Background: Poor insight is associated with negative attitudes to involuntary admission and care in qualitative studies.
Aims: The current paper aims to examine and compare retrospective qualitative perceptions of service-users in relation to their involuntary admission with their levels of clinical insight, using a mixed methods approach.
Methods: Forty two participants were assessed 3 months after the revocation of their involuntary admission. Each provided qualitative data relating to their perceptions of the coercive care process, which was analysed using content analysis, along with a quantitative measurement of insight, the Schedule for the Assessment of Insight-Expanded (SAI-E). Employing a mixed methods design and incorporating NVivo matrix coding queries, the datasets were merged to enable qualitative themes to be identified against the quantitative data.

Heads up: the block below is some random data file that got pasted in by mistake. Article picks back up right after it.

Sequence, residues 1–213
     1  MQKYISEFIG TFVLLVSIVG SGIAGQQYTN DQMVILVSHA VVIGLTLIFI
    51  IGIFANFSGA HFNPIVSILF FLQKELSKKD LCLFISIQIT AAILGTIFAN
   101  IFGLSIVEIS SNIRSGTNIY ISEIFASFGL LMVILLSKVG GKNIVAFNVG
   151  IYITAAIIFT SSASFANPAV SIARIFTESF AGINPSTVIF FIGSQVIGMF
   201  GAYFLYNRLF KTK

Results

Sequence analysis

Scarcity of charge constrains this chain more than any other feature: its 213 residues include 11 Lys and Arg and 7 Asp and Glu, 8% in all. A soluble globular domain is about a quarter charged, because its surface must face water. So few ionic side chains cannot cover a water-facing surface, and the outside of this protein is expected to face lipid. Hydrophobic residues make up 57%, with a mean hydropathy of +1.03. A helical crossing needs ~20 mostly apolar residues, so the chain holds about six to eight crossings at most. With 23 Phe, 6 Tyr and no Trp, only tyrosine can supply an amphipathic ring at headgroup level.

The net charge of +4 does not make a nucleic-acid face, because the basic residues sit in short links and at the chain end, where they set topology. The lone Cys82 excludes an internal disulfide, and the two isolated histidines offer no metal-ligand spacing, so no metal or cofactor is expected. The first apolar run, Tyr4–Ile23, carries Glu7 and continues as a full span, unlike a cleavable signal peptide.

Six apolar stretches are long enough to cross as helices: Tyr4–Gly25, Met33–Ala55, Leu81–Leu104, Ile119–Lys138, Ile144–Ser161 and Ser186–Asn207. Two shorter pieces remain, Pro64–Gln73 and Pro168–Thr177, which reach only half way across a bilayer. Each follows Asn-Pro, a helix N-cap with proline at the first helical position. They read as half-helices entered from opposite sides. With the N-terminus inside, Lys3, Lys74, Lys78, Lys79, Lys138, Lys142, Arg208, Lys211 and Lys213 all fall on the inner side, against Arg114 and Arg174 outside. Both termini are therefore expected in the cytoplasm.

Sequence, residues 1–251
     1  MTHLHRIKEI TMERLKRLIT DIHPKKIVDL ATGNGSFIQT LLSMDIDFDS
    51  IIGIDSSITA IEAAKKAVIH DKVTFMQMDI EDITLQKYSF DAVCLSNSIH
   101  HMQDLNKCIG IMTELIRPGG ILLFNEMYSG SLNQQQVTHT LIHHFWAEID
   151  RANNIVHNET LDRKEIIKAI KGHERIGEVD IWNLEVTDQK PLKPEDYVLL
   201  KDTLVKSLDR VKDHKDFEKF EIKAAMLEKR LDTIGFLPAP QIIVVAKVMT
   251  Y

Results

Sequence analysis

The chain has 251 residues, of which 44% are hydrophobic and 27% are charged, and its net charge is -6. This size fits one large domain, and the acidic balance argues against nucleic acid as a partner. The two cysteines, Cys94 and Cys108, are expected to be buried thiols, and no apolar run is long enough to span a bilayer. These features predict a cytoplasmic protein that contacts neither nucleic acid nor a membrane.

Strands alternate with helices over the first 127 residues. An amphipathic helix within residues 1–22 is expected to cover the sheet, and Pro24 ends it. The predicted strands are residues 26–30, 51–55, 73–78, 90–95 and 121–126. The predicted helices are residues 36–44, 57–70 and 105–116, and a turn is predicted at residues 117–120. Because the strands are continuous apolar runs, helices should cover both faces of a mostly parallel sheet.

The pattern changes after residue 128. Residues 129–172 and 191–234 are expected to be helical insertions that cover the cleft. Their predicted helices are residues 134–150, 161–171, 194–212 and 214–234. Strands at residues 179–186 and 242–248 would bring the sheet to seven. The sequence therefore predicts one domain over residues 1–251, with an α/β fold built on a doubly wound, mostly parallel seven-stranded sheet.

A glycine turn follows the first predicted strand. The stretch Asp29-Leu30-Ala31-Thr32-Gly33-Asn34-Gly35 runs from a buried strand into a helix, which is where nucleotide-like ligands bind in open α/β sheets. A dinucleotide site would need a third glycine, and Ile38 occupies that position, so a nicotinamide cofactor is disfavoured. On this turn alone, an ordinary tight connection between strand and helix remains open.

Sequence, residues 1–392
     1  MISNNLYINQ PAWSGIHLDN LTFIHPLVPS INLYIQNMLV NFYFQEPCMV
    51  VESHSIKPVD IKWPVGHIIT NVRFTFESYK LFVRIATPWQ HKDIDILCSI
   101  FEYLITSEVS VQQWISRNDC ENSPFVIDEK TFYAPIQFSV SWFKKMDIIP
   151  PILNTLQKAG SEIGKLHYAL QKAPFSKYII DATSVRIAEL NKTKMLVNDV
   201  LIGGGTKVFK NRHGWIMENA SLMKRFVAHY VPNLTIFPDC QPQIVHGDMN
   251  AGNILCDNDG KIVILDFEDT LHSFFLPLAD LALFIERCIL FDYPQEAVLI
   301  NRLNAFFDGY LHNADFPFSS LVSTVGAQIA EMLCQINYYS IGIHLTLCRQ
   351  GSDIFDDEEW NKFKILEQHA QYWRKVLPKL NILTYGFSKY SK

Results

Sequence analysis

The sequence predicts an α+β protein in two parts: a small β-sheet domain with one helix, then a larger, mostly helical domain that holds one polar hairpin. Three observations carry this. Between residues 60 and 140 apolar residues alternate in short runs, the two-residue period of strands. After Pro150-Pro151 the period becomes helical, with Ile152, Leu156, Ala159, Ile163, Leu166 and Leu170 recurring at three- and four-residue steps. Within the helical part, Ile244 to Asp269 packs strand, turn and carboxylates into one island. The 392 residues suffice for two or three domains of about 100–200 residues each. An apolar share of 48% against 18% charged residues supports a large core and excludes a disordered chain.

Results: Differences were observed between those with high and low insight in terms of their understanding of the need for treatment, their levels of arousal at the time of admission and how they perceived the compassion of health professionals. Certain negative perceptions of care appeared more universal and were common across those with high and low insight.
Conclusion: Some negative perceptions of coercive practices appear linked to inherent elements of psychotic illness such as unawareness of illness. Individuals with higher levels of insight tended to perceive their involuntary admission and receiving a diagnosis as beneficial. Negative views that persist amongst service users with high insight levels can highlight areas for successful service improvement, including increased emphasis on non-pharmacotherapy based supports during the coercive care process.
Keywords: Involuntary admission; insight; mental health act; mixed methods; psychosis.